Monday, December 19, 2011

Tax Cuts Does Nothing for the Unemployed

It's being reported by the White House that without congressional approval, the Social Security payroll tax cut for 160 million workers would rise from 4.2% to 6.2% on January 1st. For one thing, it's 150 million, not 160 million.

The median individual income for Americans is $26,364 before taxes (75.2 million having income above that amount, and the other half (the bottom 50%) have income below that amount -- for a total of 150.4 million working Americans -- as reported by employers on W-2 forms in 2010. Source: Social Security Administration.

24.1 million (16 %) reported less than $5,000. I can't imagine living on this so for the sake of argument, I'll assume most are a teen or a spouse working a part-time job for supplemental income.

The majority of the work force (112.8 million, or 75%) reported $50,000 or less before taxes. At 4.2 percent on $50,000, one would pay $2,100 for Social Security taxes. If it goes back up to 6.2%, they would pay $3,100 -- a difference of $1,000 more (or $52 a week). The White House exaggerated this amount and reported: "For a typical family earning $50,000 a year, this cut would translate to an extra $1500 a year in their pockets."

But at the very most, the bottom 50% (those earning $26,364 or less a year) would only see their taxes go up $527 a year (or $10 a week). Yes, I know. When you're living at, or near poverty level, ten bucks is a lot of money. But the Republicans say these people should count themselves lucky because most of them have refrigerators and TVs. Comedian Jon Stewart addresses this in a very hilarious (and sarcastic) manner.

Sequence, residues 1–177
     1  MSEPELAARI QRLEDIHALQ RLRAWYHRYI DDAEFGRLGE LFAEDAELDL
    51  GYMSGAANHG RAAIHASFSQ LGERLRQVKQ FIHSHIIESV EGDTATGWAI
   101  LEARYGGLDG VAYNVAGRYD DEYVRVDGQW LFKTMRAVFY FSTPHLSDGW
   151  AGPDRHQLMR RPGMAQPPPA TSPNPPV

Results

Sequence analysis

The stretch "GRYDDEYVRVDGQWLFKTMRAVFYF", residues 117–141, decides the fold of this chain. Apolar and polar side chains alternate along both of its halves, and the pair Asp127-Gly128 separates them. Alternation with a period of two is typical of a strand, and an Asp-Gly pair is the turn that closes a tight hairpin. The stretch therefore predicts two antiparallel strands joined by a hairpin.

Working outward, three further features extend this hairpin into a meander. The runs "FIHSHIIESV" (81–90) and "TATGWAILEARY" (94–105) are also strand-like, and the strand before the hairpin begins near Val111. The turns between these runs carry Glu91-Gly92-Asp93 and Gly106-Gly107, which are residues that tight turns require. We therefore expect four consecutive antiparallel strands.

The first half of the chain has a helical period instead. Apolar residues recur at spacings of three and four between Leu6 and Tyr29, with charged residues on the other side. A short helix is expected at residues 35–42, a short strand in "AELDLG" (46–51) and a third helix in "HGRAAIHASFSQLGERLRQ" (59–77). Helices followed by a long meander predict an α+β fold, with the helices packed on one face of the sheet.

A new census record shows 1 in 2 people in America are now poor or low income. Just 7 percent of those who lost jobs after the financial crisis of 2008 have returned to or exceeded their previous financial position. This may be because in the past 10 years alone we've lost 56,000 factories and 8.2 million jobs (and they'll never be back).

But regarding the payroll tax: it is businesses who will benefit the most from the proposed extension of the payroll tax cut. Approximately 98 percent of businesses will see their payroll tax bill cut in half -- from 6.2% to 3.1% -- on their first $5 million in wages.

Workers benefit less, and the unemployed doesn't benefit at all.

Last year 81 Americans reported incomes of over $50 million, but they would only save $2,180 a year with their "payroll tax cut" because Social Security taxes for the wealthy are capped at $106,000. So either way, the wealthy benefit the most.

Annual incomes

Number of people
People with annual incomes of over $1 million derived from wages reported on a W-2 form. Not counting those who only derive an income from capital gains in investments. Read this article: Rich Man Dispels Myth about Job Creators
$1 million — 1,499,999.99 47,058
$1.5 million — 1,999,999.99 17,624
$2 million — 2,499,999.99 8,767
$2.5 million — 2,999,999.99 5,094
$3 million — 3,499,999.99 3,276
$3.5 million — 3,999,999.99 2,296
$4 million — 4,499,999.99 1,685
$4.5 million — 4,999,999.99 1,221
$5 million — 9,999,999.99 4,607
$10 million — 19,999,999.99 1,537
$20 million — 49,999,999.99 479

$50 million + (Forbes 400 List)


Total Americans with annual wages above $1 million reported on W-2 forms - such as CEOs, lobbyists, bankers, hedge fund mangers, etc with "base" salaries (stock options are separate and called capital gains).

93,725 Total